What Climate Change can Teach us About Securing Global Tech

What Climate Change can Teach us About Securing Global Tech

I'm just back from a week in Rwanda, where I spoke at a conference on technology and economic development. One of the big questions was how countries that are working their way up the economic ladder should balance the need for better access to digital technologies with the need for those technologies to be secure and trustworthy. The discussion reminded me of another big policy challenge facing governments around the world: climate change.

How so? Well, climate policies today ask poorer, developing countries to swap the easy gains of fossil-fuel-powered growth that helped make rich countries, well, rich in the first place for something more sustainable (read: more expensive). The dynamics in tech are similar: today's tech giants got huge and rich countries a lot richer during a period of digitally-fueled growth marked by poor cybersecurity and little regard for consumer privacy. But now the US is demanding other countries reject the most economical (Chinese) options for building 5G networks, while European regulators are setting tougher standards for data privacy that are having ripple effects around the world.

The US crackdown on Huawei reflects a concern (overblown or not) that allowing the Chinese tech giant's cut-price gear into next-generation data networks poses unacceptable security risks. Ditching Huawei in favor of Western suppliers, or imposing tougher security standards across the board, as some European countries have proposed, might ease security fears — but could be cost-prohibitive for many countries in Africa.

The EU's tough data protection rules, similarly, aim to shore up online privacy. But they'll come at a cost as popular online services are forced to hire more compliance staff and rethink their business models. Attempts to establish similar protections in African countries might limit tech companies' appetite to provide innovative services there and in other regions where the digital economy is still just starting to gain steam.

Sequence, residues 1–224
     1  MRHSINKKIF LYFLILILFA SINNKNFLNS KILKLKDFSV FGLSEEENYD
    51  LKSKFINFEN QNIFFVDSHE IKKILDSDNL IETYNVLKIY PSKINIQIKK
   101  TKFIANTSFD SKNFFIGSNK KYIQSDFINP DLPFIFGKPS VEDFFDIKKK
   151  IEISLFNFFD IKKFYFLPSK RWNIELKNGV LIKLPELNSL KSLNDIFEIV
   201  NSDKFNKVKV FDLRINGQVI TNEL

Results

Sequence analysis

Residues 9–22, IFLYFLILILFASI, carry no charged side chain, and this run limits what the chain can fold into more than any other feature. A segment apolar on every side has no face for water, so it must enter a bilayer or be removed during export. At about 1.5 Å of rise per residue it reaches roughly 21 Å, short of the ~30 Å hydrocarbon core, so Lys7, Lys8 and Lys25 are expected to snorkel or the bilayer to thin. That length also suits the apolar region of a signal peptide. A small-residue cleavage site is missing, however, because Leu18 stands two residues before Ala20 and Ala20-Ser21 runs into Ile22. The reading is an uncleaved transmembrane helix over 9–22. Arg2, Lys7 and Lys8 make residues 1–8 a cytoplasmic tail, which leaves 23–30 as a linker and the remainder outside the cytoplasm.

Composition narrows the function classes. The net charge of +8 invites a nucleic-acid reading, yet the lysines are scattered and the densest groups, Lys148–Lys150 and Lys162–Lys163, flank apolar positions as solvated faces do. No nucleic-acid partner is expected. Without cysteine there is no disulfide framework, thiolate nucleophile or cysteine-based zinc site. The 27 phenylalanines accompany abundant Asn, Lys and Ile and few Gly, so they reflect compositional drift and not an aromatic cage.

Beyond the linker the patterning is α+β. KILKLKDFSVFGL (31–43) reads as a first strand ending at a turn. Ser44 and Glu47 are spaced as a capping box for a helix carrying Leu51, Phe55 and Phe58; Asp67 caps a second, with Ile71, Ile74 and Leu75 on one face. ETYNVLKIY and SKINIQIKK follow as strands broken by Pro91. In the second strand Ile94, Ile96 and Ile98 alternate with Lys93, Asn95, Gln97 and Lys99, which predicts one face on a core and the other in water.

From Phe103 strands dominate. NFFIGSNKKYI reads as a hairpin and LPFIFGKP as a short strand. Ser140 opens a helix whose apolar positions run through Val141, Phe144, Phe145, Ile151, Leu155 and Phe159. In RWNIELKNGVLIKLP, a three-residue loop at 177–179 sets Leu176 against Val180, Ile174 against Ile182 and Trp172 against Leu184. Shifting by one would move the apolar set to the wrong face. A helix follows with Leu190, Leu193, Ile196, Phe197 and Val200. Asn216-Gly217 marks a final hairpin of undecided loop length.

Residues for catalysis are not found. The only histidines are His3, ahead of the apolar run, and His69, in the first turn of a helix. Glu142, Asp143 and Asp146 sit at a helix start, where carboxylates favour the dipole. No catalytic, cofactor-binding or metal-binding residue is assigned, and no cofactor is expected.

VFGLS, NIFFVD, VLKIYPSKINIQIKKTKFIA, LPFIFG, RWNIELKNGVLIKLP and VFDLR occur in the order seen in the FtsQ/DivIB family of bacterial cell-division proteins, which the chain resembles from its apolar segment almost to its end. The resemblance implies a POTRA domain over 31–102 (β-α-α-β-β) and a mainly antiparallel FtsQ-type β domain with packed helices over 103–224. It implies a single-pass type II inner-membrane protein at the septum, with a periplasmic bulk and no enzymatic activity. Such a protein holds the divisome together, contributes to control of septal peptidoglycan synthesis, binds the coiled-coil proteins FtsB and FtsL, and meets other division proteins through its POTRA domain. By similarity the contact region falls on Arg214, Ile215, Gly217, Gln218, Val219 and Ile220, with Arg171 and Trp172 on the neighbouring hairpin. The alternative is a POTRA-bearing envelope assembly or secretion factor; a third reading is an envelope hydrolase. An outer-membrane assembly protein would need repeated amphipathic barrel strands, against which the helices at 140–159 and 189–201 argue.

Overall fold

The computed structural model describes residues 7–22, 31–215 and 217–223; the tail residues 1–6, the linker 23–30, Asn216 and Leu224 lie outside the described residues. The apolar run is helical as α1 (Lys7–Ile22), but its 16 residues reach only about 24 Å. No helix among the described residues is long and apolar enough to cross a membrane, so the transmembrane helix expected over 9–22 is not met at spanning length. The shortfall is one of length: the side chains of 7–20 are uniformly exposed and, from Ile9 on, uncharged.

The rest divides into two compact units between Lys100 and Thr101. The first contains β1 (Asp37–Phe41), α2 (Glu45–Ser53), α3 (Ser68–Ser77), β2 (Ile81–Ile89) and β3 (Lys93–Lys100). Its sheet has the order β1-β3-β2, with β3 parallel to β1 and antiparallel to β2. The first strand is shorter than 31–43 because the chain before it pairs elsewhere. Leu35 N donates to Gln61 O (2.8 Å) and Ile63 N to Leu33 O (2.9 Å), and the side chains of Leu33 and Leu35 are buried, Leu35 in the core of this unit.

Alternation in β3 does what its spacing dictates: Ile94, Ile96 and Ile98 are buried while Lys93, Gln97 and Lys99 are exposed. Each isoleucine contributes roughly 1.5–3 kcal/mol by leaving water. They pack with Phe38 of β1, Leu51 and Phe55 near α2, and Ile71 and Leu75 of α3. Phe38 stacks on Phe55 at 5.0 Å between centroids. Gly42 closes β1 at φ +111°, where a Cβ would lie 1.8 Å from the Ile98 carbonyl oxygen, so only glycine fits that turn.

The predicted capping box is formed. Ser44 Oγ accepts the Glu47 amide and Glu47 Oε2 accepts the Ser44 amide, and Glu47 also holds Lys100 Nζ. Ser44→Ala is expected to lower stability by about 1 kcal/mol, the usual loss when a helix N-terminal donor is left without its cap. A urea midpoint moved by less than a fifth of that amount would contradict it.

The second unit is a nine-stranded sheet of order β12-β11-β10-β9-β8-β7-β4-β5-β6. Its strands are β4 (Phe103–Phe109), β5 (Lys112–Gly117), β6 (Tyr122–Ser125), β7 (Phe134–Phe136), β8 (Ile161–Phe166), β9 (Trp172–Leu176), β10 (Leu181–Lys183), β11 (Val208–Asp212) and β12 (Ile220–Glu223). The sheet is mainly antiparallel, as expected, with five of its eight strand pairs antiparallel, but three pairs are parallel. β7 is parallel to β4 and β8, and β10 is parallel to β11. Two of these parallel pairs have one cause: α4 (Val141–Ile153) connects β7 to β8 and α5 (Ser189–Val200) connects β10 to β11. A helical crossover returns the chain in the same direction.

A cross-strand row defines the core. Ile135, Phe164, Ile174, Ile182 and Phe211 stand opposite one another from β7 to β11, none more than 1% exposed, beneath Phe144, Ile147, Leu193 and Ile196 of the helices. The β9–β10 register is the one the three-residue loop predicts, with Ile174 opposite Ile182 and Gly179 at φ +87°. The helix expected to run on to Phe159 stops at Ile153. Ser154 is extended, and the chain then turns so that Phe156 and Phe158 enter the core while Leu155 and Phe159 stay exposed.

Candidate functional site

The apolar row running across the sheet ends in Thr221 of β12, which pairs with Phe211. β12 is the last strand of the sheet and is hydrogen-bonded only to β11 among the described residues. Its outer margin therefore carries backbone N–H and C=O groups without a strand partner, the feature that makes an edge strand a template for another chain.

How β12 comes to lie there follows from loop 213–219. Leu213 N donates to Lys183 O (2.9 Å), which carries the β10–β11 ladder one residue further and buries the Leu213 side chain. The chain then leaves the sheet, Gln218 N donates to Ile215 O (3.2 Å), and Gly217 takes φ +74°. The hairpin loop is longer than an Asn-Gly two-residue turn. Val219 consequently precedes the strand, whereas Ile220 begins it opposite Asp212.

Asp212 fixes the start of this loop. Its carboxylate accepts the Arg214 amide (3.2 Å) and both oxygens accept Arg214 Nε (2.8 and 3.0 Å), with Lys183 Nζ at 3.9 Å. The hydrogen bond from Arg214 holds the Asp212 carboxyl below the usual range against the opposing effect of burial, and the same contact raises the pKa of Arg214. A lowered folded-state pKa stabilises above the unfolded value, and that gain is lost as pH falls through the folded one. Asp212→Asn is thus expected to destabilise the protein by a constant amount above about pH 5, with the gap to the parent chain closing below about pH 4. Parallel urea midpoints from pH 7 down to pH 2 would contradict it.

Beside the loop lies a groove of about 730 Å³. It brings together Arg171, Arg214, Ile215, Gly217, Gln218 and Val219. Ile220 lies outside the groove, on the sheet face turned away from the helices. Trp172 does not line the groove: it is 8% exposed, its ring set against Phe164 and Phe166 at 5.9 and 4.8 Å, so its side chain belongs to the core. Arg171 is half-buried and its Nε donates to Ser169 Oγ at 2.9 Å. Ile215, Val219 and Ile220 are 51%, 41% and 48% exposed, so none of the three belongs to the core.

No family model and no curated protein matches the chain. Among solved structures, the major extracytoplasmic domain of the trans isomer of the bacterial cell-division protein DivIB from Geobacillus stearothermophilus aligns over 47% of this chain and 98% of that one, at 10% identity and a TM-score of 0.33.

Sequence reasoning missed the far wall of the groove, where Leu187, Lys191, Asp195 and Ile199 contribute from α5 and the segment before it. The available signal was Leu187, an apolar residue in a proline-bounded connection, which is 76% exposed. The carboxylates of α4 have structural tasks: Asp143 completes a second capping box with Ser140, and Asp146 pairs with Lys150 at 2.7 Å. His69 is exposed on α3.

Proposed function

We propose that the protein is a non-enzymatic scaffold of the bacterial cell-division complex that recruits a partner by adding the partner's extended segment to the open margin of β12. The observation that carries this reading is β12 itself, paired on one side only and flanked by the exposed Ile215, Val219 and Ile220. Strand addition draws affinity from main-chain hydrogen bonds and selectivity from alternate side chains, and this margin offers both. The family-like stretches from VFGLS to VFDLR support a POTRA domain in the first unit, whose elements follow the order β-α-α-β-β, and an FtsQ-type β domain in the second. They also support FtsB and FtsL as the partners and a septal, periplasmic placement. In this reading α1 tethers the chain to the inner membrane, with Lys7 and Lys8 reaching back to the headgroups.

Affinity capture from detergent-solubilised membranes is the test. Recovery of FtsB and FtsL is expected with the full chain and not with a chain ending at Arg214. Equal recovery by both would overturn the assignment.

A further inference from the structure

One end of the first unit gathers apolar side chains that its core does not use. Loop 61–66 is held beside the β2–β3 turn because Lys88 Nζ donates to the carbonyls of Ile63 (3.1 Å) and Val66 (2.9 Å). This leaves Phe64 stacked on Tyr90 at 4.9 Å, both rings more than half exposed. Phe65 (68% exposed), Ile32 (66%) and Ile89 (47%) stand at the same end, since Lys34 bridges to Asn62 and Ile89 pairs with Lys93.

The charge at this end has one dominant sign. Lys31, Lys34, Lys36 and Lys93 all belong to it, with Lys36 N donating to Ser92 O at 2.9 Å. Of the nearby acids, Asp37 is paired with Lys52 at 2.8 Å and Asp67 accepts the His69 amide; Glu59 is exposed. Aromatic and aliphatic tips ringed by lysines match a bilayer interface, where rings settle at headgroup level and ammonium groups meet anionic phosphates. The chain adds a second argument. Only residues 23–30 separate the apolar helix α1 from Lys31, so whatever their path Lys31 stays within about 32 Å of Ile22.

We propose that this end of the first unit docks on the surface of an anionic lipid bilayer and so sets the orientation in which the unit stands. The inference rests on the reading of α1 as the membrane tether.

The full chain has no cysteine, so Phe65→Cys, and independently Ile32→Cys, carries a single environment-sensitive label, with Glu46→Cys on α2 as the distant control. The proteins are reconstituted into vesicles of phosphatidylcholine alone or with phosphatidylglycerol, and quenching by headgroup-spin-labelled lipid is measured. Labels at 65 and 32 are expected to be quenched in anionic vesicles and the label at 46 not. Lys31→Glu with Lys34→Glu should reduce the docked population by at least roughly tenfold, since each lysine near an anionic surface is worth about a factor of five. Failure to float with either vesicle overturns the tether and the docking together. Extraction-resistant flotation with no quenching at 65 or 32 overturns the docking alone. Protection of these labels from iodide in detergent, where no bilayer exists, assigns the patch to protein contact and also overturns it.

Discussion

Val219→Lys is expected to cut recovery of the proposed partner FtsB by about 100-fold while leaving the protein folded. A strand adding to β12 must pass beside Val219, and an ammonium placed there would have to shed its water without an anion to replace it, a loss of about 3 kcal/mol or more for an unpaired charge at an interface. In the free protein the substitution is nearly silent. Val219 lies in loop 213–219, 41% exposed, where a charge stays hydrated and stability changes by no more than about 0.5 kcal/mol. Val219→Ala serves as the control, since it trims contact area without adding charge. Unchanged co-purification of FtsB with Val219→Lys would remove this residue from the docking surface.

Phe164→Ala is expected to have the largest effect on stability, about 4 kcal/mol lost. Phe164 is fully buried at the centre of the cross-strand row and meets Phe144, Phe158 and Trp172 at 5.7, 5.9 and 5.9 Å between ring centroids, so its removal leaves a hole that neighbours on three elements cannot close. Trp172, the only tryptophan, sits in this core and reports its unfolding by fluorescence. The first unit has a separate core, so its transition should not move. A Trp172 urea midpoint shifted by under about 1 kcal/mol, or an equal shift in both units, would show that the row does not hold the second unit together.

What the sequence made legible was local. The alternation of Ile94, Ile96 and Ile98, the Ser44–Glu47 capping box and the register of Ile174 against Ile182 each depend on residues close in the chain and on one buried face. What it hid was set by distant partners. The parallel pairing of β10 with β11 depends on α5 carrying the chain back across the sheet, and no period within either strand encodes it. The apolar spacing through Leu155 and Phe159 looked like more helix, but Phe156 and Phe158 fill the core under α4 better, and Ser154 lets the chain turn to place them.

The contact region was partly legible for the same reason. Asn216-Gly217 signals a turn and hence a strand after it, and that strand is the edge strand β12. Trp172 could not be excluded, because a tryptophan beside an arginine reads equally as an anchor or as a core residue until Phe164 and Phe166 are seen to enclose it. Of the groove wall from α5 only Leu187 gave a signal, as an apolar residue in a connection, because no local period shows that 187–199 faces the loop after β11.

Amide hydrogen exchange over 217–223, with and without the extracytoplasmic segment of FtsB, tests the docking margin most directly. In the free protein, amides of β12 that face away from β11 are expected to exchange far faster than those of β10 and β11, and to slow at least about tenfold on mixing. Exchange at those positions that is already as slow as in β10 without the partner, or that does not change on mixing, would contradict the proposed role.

Viewed through this lens, it's easy to see why developing countries might be loath to abandon cheaper Huawei equipment for 5G or adopt strict, European-style privacy practices around personal data. Rich countries that have already benefitted from decades of digital innovation and economic growth under the old system are in a better position to cope with the shift towards tougher security and privacy standards. Just as with climate change, the cost of transitioning to a more sustainable model could end up falling hardest on developing countries, where millions of people have yet to fully reap the benefits of an earlier, more carefree age.

Next Tuesday, join GZERO Media and Microsoft for a live event, Beyond SolarWinds: Securing Cyberspace, exploring cyber challenges facing governments, companies, and citizens. Watch this Munich Security Conference "Road to Munich" event on May 18, 1pm EDT / 10am PDT. Juliette Kayyem, Professor at the Harvard Kennedy School and former Assistant Secretary at the US Department of Homeland Security, will moderate the conversation featuring Microsoft President Brad Smith and other global experts.

Sign up to get email reminders about this and other Global Stage events. On Tuesday, visit gzeromedia.com/globalstage to watch live.